Workers’ compensation is a “no-fault” system. That means that you do not have to prove that your employer did anything wrong to get benefits. It also goes both ways—you can still get benefits even if your work injury was partially or even entirely your fault. This is great news because mistakes happen—whether you are forgetful, careless, or inattentive, workers’ compensation benefits will still be available to you. However, like everything, there are some exceptions to this general rule that you should know as an employee.
Some workers make the mistake of assuming that if they injured themselves at work, then they do not have a right to benefits. This is false! Call a workers’ compensation attorney in Los Angeles to learn more about your rights after a work accident.
The “Horseplay” Exception
Although injuries at your workplace are almost always covered by workers’ compensation, there are a few situations where your employer may be able to avoid giving you benefits. One of those situations is “horseplay.” Horseplay is also sometimes known as “skylarking” under California workers’ compensation law.
Horseplay is any situation where an employee is goofing off or messing around at work. They may be on or off the clock when the injury occurs. If the workplace injury occurs because you were messing around, your employer may not have to give you benefits. The court determines that when you are engaging in horseplay, your injury does not “arise out of your employment,” which essentially means that you were not doing your job when you were injured.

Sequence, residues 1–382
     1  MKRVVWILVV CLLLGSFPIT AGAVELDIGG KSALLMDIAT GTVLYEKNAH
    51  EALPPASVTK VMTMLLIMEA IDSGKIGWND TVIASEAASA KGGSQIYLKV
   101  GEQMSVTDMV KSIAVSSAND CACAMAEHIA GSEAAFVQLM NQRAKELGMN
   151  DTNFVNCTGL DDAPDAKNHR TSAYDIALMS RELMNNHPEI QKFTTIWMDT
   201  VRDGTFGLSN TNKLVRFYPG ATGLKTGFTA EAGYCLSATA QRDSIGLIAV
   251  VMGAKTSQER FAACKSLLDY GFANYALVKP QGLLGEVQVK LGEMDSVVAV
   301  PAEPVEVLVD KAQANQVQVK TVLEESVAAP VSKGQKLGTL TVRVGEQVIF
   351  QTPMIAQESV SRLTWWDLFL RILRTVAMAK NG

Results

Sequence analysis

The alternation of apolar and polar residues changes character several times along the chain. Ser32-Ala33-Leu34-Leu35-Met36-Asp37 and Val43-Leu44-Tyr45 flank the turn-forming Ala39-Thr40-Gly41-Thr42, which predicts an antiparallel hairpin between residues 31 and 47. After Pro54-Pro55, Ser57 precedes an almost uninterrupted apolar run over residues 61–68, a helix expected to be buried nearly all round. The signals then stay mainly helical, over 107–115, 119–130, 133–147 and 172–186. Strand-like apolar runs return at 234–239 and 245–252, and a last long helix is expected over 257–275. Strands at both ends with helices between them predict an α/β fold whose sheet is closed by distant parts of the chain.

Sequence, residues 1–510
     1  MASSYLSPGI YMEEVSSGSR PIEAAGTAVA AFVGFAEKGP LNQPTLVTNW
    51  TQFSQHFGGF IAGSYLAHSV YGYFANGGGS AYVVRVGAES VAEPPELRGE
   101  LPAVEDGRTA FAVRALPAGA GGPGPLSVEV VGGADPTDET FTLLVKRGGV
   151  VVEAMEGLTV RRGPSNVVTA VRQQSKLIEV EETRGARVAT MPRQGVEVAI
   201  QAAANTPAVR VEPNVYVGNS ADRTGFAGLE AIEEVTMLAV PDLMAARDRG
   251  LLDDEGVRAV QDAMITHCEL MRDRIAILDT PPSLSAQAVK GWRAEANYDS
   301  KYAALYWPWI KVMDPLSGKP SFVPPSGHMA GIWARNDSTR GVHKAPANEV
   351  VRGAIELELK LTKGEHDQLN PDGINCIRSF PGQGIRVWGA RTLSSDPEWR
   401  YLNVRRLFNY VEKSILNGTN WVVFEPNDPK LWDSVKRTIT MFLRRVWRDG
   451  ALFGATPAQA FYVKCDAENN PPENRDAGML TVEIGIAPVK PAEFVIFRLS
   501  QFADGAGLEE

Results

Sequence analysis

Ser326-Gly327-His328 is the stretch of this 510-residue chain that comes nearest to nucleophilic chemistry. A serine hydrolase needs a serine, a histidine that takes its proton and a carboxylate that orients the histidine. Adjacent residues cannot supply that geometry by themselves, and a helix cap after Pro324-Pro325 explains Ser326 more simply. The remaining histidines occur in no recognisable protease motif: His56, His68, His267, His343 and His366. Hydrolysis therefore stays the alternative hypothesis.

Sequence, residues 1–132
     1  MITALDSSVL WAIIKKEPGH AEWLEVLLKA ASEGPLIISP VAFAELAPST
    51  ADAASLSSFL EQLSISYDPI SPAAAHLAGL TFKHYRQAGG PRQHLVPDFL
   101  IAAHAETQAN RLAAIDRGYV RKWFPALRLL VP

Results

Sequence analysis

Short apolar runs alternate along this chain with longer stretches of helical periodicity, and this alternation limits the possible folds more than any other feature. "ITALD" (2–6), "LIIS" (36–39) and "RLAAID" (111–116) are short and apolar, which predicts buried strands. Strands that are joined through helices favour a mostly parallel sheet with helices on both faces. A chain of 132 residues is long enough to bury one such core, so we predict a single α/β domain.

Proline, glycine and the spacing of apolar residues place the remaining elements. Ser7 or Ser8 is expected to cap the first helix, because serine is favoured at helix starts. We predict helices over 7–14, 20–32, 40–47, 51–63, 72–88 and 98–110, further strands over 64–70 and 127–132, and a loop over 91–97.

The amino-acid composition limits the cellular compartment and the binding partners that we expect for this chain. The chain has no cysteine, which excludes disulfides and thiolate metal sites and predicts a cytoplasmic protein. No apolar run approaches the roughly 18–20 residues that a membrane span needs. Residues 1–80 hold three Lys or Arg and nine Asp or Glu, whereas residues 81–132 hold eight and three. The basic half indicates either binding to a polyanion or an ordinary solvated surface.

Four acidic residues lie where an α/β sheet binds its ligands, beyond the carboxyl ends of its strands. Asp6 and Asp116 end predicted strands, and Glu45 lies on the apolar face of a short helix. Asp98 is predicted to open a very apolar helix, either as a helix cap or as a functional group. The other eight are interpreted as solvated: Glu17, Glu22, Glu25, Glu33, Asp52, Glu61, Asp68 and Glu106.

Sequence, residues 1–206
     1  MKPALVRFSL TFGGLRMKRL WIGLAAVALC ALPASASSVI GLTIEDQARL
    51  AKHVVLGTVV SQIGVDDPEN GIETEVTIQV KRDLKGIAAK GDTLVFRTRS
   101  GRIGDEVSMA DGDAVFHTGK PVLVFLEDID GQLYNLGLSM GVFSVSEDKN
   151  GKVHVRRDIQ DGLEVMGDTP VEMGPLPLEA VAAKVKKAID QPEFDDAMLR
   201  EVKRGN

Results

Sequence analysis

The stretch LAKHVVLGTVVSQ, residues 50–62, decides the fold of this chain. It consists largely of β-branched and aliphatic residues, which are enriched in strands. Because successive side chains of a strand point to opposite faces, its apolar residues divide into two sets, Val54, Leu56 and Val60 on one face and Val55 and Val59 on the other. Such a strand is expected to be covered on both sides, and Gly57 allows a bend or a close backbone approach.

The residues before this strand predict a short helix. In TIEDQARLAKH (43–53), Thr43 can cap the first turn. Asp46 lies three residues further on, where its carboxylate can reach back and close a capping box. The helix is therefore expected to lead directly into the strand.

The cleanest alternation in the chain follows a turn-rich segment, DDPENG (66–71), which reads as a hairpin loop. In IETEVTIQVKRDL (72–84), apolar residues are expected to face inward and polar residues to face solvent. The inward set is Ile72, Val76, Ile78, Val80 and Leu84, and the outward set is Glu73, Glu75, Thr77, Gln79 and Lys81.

Violence and Altercations
If your injury occurred because you started a fight with a co-worker or supervisor, then you also generally will not receive workers’ compensation benefits. However, if another employee started the fight, you may still be able to get benefits.
The critical point is who “threw the first punch.” It does not matter if the other worker was insulting you verbally—if you started the physical altercation, then you likely will not be able to receive workers’ compensation benefits.
If you intentionally hurt yourself while at work, you likely cannot receive workers’ compensation benefits. This rule prevents workers from “staging” accidents or harming themselves in other ways just to receive benefits. Engaging in this type of action can also be considered illegal workers’ compensation fraud as well.
Termination After an Injury That You Caused
Generally, your employer is not allowed to terminate your employment just because you filed a workers’ compensation claim. However, your employer may be able to fire you for violating safety requirements or taking unnecessary risks at work. This is a fine line, and if you lost your job after a work injury, you need to speak with a lawyer.
At Koszdin, Fields & Sherry, we want to help you get the workers’ compensation benefits you deserve. Schedule a free consultation with one of our Los Angeles workers’ comp lawyers to explore your legal rights.